Have you ever hit a deer while driving?  What was the outcome?

Gail ♥

About Gail

I am a wife, mother, sister, aunt, friend, veterinarian, and wanna be writer. I love nature and animals of all kinds, music, cooking, and spending time with my family.
This entry was posted in Animals, Autumn, deer and tagged , , , , . Bookmark the permalink.

7 Responses to Why You’re More Likely To Hit a Deer This Time of Year

  1. Relax... says:

    If I had ever hit a deer, I think I probably would not risk it again — someone else would have to drive me around, from October to December! On my drive home from work, about a mile of it is continuous country road surrounded by huge fields and woods and ponds and streams. I do 30 mph (if I have to, and with my high beams on, now, in the early darkness) and to heck with anyone behind me. I’d feel unbelievably awful if I hit a deer (or anything larger than the occasional frog I’ve mistaken for a leaf blowing across the road). Here (and probably there, too?), there are a lot of turkeys around just now to watch out for, too.

    • Gail says:

      Aw, yes, there are many turkey sightings here, as well as raccoon crossings, opossum crossings, coyotes, etc. I’ve never hit a deer but did hit and kill a little bunny who dashed across the road right in front of my car (I was a teenager and a new driver and that was traumatizing). I do get very, very nervous about the deer this time of year!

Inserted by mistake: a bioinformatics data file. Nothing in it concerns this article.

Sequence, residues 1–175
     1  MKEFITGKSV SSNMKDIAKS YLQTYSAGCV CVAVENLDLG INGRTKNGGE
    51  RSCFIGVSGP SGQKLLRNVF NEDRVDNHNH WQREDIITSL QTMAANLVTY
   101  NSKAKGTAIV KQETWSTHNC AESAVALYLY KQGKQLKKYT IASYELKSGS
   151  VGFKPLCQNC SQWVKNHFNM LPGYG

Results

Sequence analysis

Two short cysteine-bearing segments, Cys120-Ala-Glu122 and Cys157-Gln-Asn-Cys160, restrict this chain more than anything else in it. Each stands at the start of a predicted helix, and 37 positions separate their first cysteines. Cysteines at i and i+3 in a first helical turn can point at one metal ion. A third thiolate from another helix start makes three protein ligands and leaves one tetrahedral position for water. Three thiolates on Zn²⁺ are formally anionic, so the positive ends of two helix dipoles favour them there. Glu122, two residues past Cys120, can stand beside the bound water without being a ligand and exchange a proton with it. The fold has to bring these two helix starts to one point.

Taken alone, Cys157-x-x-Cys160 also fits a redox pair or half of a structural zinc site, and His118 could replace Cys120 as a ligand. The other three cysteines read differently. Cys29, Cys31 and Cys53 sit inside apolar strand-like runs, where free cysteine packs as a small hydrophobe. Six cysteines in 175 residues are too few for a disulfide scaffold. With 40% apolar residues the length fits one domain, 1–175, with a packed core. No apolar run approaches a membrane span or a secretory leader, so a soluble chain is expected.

2. Great post Gail! I just saw a dead deer yesterday on my way to town. It always makes me sad. There were also two raccoons along the way.

  3. Mary Mangee says:

    Hi Gail, you have been nominated for the Sunshine Blogger award. You can go to my blog and check out the rules.

  4. Mary Mangee says:

    Your post about the deer is great. I come from a family of hunters and they have, over the years, come to know the intricate habits of the deer. I have walked through the woods with my brothers and they’ve shown me the trees that have been rubbed by the deer. We watch out for hoof prints and the deer path. It’s so much fun to get to know nature up close and personal.